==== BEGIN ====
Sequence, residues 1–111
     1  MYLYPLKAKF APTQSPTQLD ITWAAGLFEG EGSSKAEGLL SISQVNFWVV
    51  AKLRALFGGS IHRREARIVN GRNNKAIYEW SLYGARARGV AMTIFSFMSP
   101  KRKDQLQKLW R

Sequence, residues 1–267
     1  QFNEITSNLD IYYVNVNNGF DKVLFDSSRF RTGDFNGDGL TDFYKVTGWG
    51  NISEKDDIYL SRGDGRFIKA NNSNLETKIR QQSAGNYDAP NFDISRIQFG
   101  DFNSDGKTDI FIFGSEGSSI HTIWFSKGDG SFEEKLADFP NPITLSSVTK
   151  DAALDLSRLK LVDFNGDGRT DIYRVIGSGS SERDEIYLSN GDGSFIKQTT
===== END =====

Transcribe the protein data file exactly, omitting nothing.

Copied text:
Sequence, residues 1–111
     1  MYLYPLKAKF APTQSPTQLD ITWAAGLFEG EGSSKAEGLL SISQVNFWVV
    51  AKLRALFGGS IHRREARIVN GRNNKAIYEW SLYGARARGV AMTIFSFMSP
   101  KRKDQLQKLW R

Sequence, residues 1–267
     1  QFNEITSNLD IYYVNVNNGF DKVLFDSSRF RTGDFNGDGL TDFYKVTGWG
    51  NISEKDDIYL SRGDGRFIKA NNSNLETKIR QQSAGNYDAP NFDISRIQFG
   101  DFNSDGKTDI FIFGSEGSSI HTIWFSKGDG SFEEKLADFP NPITLSSVTK
   151  DAALDLSRLK LVDFNGDGRT DIYRVIGSGS SERDEIYLSN GDGSFIKQTT